The men don’t work that way, a lot of women ask for opportunity and want to make use of sentiments; they think it’s their beauty or dress sense. If you want to work with the men you have to be serious and engage them with intellectual issues. When I go out with my husband and meet with his friends, I don’t see myself as a woman in their mist. I try to engage them intellectually. I discuss intelligently, I have got confidence within and I appeal to women to be more engaging. They need to be rational and should stop mixing up business with pleasure. Once we can prove to the man that we can, women need to support each other. Why are we not going to support the females? The women should learn the skill of the men to achieve leadership position in Nigeria. Girls should be raised to be useful to themself. Women need to change the attitude, and stop fighting ourselves. Politics is a game of numbers. We do not need night meetings to gain political power. A lot of enlightenment is needed; we should respect men but must still aspire. Women should work together; no one can change the men. A male child is raised without emotions, when he wants to cry, you say he is a boy and should not cry, so they grow up without emotions. Male and female should be their selves.
As the girl-child advocate, how do we eradicate the cultural practices that affect girls, especially in Northern Nigeria?
Education and empowering the girl-child is the key. There is something going on in the UK COVID-19 vaccination. When it started the government had to educate people and they engaged the community. The churches and mosque and things started changing. I was born and bred in Lagos. The girls who were mutilated became promiscuous. Nigerians are so attached to certain traditional practice and changing this is pretty difficult. In order to change things we need to educate parents and the caregivers; they should stop it. Medical professionals, doctors and other health practitioners should come out. They have to lend their voices, they should come up and create awareness, people hold onto traditions because they have not understood the scientific effect. If they are educated about the harm it would cause, then people will agree to put an end to this harmful tradition of female genital mutilation.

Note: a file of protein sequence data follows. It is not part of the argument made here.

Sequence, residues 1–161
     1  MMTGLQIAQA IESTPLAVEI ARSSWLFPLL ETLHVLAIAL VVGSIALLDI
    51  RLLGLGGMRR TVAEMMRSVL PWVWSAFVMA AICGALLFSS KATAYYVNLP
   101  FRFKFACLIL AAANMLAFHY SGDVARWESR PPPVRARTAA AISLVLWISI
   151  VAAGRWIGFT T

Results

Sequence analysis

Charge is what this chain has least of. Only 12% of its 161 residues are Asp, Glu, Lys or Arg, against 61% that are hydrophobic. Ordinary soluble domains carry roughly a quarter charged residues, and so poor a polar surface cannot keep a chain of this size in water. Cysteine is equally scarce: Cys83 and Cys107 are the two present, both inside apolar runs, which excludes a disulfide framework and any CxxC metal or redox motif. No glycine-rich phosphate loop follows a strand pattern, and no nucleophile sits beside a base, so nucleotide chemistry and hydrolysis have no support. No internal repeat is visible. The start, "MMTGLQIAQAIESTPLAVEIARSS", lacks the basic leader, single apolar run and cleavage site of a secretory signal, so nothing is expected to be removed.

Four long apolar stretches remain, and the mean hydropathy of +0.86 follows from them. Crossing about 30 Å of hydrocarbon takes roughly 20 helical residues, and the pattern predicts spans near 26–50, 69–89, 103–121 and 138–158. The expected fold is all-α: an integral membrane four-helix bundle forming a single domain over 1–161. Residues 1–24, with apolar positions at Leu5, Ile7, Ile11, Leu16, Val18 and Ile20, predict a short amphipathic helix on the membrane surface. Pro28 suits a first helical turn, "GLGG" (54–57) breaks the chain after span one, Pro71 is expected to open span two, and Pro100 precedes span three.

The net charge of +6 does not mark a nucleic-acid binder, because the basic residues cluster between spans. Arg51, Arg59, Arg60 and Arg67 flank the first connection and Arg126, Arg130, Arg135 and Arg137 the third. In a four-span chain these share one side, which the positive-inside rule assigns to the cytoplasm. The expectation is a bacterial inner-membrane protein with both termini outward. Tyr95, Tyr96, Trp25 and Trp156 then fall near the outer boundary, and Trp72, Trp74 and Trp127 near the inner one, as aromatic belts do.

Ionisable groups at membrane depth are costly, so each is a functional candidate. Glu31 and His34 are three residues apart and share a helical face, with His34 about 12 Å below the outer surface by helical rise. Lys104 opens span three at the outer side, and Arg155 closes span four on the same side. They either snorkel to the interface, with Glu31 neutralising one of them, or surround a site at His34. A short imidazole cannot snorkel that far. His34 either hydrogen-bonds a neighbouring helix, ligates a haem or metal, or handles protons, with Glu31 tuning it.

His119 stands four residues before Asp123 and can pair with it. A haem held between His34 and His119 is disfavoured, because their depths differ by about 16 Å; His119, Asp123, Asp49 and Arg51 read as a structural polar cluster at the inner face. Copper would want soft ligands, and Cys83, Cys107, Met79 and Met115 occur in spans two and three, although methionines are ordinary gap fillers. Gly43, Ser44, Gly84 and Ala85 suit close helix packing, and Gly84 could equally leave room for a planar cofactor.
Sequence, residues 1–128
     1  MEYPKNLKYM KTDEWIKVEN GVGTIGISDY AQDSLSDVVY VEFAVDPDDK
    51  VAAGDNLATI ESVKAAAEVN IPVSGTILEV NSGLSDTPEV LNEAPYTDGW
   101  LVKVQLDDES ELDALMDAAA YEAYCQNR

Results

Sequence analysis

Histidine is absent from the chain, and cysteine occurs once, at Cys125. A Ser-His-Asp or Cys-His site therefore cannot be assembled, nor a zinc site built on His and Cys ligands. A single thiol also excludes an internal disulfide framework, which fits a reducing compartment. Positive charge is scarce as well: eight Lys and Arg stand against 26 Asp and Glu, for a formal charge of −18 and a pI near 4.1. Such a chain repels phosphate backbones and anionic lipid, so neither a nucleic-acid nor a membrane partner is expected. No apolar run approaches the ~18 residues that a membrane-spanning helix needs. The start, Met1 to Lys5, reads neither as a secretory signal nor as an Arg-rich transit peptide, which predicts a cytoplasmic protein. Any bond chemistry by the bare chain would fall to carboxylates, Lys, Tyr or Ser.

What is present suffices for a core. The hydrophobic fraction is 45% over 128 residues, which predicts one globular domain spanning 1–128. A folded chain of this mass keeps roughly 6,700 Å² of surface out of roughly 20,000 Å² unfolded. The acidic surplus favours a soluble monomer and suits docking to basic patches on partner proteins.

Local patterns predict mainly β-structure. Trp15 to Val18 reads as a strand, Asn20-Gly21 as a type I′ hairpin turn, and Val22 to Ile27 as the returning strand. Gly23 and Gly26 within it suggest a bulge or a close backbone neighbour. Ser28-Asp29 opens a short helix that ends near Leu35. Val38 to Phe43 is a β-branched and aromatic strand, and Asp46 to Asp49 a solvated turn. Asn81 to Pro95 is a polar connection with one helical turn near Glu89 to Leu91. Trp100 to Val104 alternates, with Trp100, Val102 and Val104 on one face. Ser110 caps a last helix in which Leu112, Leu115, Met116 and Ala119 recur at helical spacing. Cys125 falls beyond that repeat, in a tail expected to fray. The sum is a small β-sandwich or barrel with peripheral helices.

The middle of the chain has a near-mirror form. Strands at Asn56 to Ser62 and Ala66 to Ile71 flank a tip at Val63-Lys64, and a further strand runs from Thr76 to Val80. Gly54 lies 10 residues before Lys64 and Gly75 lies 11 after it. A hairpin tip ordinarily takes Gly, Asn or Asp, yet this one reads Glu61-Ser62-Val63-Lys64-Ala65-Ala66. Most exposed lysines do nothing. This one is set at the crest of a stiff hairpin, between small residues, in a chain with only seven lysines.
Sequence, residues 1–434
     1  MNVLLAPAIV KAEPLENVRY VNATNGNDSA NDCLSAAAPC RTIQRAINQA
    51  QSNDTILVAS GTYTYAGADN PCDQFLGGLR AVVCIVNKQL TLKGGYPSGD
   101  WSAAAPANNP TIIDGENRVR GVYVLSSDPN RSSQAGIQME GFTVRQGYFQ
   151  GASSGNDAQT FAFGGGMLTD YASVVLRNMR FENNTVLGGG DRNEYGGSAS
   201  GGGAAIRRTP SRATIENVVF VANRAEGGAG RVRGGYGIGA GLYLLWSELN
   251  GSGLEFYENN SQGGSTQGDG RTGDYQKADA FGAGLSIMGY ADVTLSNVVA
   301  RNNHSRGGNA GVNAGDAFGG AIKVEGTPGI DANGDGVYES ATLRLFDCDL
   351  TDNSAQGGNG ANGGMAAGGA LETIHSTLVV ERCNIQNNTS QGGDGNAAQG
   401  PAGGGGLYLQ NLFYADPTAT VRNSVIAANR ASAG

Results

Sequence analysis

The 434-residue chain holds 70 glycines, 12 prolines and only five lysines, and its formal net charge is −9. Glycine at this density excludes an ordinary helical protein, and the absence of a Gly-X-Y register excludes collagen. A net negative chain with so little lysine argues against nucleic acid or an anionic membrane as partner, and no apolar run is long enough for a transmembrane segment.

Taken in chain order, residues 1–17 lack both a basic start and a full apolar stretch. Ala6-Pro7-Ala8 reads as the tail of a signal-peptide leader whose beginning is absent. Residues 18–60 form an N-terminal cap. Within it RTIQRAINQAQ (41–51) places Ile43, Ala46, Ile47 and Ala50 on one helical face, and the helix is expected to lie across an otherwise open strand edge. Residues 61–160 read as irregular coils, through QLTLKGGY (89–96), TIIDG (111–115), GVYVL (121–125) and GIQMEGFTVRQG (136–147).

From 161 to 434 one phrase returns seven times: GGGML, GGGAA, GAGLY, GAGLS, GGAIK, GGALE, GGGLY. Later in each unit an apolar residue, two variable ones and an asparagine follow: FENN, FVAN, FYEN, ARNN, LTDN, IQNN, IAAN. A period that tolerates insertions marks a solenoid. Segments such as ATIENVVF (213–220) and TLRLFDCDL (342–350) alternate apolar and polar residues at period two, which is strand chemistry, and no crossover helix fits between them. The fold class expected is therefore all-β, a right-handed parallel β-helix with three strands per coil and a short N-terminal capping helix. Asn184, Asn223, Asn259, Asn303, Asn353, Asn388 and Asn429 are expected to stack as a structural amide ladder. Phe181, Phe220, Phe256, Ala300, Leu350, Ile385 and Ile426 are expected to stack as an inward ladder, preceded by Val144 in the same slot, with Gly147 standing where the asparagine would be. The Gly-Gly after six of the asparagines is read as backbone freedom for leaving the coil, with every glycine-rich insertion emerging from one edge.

Would you say that negative economic impact leads young ladies to interact with drug barons?
Poverty is an issue to be addressed. Although the girl-child is vulnerable but the entertainment industry has created this problem. The way they project immorality, once these children see it they feel it is the best way to handle it. They do not pick values from their home but on the street. They are not proud of their parents; we grew up in a Nigeria where we were proud of our country. Most of them were born into a Nigeria where they did not see the good of the nation. As a society, we killed our culture, and now killing our values. We need to raise children to conform to the society. The white man who brought education is now using skills acquisition to develop their society. It is a woman that needs to change the socio-economic values needed to build our society. There is demand for craft, let us stop being ashamed. We do personal care job, personally I handle client if there is nobody, and once I am done, I washed my hand and I am fine. Nigeria is a great nation. They should start thinking differently and create employment for themselves. There is dignity in labour.